15 Hard-Boiled Egg Hacks You'll Use Forever

Hard-boiled eggs are a great source of protein and can be enjoyed at any time of day. They're good on their own with a pinch of salt, and they make the perfect addition to a salad or bowl of noodles. You can also chop them up and put them on an egg salad sandwich or turn them into deviled eggs.


While there's no shortage of ways to enjoy hard-boiled eggs, cooking and peeling them properly can be tricky. If you've ever found yourself losing half of the egg white as you desperately try to peel the shell away, you're not alone, but don't give up on this versatile food. Making hard-boiled eggs doesn't have to be difficult, and with the help of these simple tricks — which range from what kind of eggs to use to how to cook and peel them — you'll be guaranteed smooth, perfectly cooked eggs every time.

1. Choose your eggs wisely

We typically think that the fresher our eggs are, the better. While that may be true for the perfect omelet, many people don't realize that fresh eggs aren't your best bet when it comes to hard-boiling. That's because fresh eggs have a lower pH level. When cooked, this acidity causes the egg whites to bond strongly with the inside of the egg's shell, which makes peeling difficult.


On the flip side, eggs that have been sitting in the refrigerator for a week or two have a higher pH level. Therefore, the whites won't adhere as strongly to the shell, and you can peel them with ease. Older eggs also have less moisture, which creates an air pocket between the egg and the shell and allows for a cleaner peeling process. When choosing eggs for hard-boiling, you should also be mindful of size, which will affect your cook time. Medium eggs only take about eight to 10 minutes to cook, but you'll need to tack on an extra minute or two if you're using larger eggs.

2. Add oil before you boil

Now that you've got your eggs, you're ready to start cooking, but before you crank up the heat, you have another opportunity to ensure that your shells slide right off your eggs: Try adding about a tablespoon of oil to the water before bringing it to a boil. You can use whatever kind of oil you have on hand; olive oil, avocado oil, vegetable oil, or canola oil will all do the trick.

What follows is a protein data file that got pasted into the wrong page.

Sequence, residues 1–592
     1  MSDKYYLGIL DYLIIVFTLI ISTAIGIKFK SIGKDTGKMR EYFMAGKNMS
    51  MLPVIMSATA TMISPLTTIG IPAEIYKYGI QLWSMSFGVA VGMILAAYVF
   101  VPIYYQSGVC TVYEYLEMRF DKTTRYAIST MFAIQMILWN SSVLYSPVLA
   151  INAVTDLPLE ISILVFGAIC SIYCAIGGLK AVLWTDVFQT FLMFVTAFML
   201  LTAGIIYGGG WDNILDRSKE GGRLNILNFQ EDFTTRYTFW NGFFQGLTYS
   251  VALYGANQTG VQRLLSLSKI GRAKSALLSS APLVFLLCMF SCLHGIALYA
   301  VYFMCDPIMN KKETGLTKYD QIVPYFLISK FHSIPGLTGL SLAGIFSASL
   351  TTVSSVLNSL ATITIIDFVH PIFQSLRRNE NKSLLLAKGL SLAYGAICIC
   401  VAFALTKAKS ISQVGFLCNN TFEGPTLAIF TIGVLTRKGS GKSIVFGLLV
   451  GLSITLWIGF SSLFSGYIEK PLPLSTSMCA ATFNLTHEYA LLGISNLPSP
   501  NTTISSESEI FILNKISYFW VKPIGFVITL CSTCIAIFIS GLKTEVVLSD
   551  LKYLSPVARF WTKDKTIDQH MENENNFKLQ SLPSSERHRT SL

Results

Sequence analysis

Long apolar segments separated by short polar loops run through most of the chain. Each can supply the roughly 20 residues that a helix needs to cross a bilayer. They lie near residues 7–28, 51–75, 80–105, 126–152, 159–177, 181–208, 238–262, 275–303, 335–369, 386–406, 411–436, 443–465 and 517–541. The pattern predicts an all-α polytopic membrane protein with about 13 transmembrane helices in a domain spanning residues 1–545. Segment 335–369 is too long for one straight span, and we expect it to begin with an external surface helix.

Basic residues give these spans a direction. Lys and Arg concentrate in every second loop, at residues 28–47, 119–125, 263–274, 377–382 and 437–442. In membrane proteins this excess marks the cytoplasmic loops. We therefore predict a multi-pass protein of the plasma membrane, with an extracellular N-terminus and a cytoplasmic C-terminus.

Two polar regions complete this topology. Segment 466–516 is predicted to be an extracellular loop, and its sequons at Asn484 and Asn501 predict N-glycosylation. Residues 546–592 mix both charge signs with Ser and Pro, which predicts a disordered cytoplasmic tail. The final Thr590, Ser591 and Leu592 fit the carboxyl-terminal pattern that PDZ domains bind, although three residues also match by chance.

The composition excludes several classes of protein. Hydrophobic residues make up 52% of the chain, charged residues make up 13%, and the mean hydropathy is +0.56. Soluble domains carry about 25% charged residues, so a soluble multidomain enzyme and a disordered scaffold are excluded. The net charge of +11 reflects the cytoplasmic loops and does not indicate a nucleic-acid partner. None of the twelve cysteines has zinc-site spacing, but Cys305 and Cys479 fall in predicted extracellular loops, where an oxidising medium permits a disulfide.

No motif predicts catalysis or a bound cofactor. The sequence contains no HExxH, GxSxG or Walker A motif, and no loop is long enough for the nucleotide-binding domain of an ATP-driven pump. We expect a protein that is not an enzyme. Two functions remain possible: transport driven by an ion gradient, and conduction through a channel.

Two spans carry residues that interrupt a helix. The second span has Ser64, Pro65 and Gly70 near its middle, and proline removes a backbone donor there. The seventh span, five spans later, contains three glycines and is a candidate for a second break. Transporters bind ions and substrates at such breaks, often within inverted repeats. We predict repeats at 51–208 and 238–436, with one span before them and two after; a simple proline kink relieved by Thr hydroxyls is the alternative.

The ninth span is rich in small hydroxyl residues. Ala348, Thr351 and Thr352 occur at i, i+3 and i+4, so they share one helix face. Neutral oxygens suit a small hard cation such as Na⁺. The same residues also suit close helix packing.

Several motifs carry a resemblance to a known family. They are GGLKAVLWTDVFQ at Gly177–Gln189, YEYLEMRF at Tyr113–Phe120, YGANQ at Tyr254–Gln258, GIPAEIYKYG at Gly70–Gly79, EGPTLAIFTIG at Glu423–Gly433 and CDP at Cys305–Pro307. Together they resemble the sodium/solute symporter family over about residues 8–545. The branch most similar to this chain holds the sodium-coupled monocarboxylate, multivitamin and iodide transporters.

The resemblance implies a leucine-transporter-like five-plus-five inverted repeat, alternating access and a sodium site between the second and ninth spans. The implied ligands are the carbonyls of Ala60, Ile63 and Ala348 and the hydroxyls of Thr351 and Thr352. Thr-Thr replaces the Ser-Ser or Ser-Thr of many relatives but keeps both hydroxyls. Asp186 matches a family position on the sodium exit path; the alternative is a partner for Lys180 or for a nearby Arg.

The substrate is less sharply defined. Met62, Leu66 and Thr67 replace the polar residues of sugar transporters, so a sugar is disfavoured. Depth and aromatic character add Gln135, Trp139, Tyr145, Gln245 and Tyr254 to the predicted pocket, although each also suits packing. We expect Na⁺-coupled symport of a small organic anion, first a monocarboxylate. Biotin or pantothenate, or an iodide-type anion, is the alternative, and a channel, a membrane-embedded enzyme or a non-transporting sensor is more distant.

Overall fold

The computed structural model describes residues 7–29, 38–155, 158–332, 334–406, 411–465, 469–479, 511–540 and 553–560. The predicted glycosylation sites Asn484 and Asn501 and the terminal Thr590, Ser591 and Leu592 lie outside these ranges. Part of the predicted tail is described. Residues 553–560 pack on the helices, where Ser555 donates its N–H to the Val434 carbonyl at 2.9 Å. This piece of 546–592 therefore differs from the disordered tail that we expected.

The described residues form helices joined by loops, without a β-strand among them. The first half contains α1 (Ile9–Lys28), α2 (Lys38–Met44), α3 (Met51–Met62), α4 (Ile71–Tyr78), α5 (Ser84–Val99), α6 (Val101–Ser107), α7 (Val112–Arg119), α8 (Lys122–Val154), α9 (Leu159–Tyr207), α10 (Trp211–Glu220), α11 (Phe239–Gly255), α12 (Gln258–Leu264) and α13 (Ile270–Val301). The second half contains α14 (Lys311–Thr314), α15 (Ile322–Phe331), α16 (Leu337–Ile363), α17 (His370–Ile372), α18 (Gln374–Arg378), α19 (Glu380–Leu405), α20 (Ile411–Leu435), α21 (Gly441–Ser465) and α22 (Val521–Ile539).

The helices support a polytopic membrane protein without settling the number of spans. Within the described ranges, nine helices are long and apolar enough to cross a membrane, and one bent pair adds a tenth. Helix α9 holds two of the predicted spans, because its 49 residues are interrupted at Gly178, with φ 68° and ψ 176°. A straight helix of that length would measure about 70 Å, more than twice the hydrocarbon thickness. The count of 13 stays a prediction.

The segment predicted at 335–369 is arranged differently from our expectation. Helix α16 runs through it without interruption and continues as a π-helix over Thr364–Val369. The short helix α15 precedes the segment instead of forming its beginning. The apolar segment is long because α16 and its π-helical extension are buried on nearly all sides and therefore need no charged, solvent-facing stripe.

A bit of oil in the water goes a long way because eggshells aren't as solid as they look. They're actually covered in thousands of tiny pores to allow gases to pass through. (That's how chicks are able to get oxygen and release carbon dioxide during the incubation period!) This porous exterior also means that oil can seep through and create a barrier between the egg white and the shell. With this slippery layer, your eggshells won't get stuck to the egg, and you can peel them off with no problem. 

3. Add vinegar or lemon juice

Oil isn't the only thing you can add to your hard-boiled eggs recipe for a more painless peeling process. A couple tablespoons of vinegar poured into the water before it's boiling helps break the eggs' hard exterior down. With a pH level of 2 or 3, vinegar is very acidic. That acidity causes some of the calcium carbonate present in eggshells to dissolve, softening the shells and making them easier to peel off.


Not only does vinegar help with peeling, but its acidity also makes egg whites firm up faster. This means that if any cracks form in your eggshells as they're moving around in the boiling water, it's less likely that any egg white will escape through the cracks out into the water. This comes in handy if you are using older eggs because although they're easier to peel, they also have weaker shells. And you won't even get to the peeling stage if your shells are so weak that egg whites start leaking out during the cooking process. If you don't want to use vinegar (some people find that using too much gives the eggs an unpleasant flavor), lemon juice works just as well due to its acidity.

4. Add baking soda

Once your water is boiling, there's another ingredient you can add for smoother peeling, and the great news is, it's something you likely already have in your pantry: baking soda. With a naturally high pH level of 8 or 9, baking soda will increase the alkalinity of the boiling water, thereby raising the pH level of your eggs. When eggs are less acidic, the whites don't bond as strongly with the shell, meaning you won't end up with pockmarked, dented hard-boiled eggs after peeling them. All you need is ½ teaspoon of baking soda to see the results of this science-based hack.


This baking soda trick will make it easy to peel your eggs, even if they're fresh. Sometimes you want hard-boiled eggs the same day you pick up a new carton and can't wait for the eggs to become less acidic on their own. This hack ensures that you won't waste time prying the shells away from your eggs, no matter how old they are. 

5. Use the thumbtack method